The Trope Of The Ambiguous Ending

Episode Two Hundred Seventy Eight: The Trope Of The Ambiguous Ending.
In which the unraveling begins.

1 comment:

  1. I'm taken with the scratch marks in etchings. In Victorian illustrations, I gather, this was often marks on wood. I'm intrigued by the feel of the texture of that scratch mark, particularly if it's hastily made, and less calculated. It marks a moment in time in a more potent way that I don't feel with ink on paper.

    This strip was simply an examination / reproduction of one presumably Victorian-era print (I have been unable to properly source the image - it came to me via Twitter and the hashtag 'victorianbookofthedead') of a skeleton (Death?) shoveling a grave. The first and final frames are shading from the sky, the second is of the shovel blade and the walls of the grave itself (reproduced with a little too much parallel among the lines), and the the third was of the cape worm by the figure - you can see the leg and foot off to the left side of the frame.

    The title, "The Trope of the Ambiguous Ending," comes from a review of the 2001 Zwigoff film Ghost World. (Remember, Enid boards the Ghost Bus and leaves town in a manner that is outside of the established reality.) The review was from TV Tropes dot org, which approaches content with a kind camp critical eye. I see Memento Mori carrying with it this acknowledgment of ambiguity, driving home the certainty that nothing is certain, making the point that ambiguous endings are fated for us all. (I don't think this connection was intended when I drew the strip.)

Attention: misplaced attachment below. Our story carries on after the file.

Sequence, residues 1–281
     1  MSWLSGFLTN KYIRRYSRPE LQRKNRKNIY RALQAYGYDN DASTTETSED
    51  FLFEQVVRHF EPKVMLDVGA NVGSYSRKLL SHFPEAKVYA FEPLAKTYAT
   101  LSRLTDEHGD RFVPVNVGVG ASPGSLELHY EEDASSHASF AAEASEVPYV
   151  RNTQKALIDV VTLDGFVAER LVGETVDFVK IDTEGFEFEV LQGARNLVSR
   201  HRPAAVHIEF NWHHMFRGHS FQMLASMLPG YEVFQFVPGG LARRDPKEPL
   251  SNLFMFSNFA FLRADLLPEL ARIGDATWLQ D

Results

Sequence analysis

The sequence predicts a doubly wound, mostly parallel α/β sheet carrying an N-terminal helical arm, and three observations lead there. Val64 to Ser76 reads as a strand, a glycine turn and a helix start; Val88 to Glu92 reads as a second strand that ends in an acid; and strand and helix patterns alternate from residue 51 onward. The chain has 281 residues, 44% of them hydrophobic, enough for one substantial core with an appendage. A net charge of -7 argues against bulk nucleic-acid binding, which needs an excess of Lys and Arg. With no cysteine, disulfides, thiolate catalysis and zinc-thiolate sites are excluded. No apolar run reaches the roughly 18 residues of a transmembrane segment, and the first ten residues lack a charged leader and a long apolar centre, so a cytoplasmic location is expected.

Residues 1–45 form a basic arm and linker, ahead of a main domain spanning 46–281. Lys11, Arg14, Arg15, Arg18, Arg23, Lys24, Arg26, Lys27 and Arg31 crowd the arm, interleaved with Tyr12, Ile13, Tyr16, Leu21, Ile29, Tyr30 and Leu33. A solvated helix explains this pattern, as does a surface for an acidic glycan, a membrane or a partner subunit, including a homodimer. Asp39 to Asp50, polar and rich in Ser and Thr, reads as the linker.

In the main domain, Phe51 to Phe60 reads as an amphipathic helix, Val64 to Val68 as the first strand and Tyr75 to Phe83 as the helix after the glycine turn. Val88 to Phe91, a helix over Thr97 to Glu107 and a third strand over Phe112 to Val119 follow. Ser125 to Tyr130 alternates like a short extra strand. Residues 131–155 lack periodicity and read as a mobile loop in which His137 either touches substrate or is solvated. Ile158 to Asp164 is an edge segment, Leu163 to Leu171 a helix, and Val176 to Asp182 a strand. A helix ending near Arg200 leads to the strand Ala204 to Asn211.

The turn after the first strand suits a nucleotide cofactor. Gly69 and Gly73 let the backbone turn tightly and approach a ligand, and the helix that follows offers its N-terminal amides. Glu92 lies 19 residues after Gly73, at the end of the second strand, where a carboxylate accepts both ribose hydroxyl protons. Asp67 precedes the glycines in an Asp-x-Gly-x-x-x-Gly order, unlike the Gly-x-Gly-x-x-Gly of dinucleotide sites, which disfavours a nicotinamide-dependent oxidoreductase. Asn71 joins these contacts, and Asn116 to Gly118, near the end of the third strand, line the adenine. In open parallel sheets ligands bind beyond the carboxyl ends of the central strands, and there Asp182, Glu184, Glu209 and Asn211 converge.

One of the recurring themes in this strip has to do with the breakdown of what I, as the reader, expect from the form of a comic strip, and the subversion of that expectation. There's a counterpart here with the implied 'unknown' at the forefront of Memento Mori, and so this strip merges these two disruptions. It's at once a breakdown in our expectation of self-containment as a being who has control over our life and destiny, and also a breakdown in our expectation of the linear narrative promised in the orderly left-to-right reading of storytelling boxes. If there is a story told here, in these boxes, it's in a cinematic language in which a lingering impression of an unfocused blur of a pile of earth against a darkened sky is sufficient punchline for a sense of closure.



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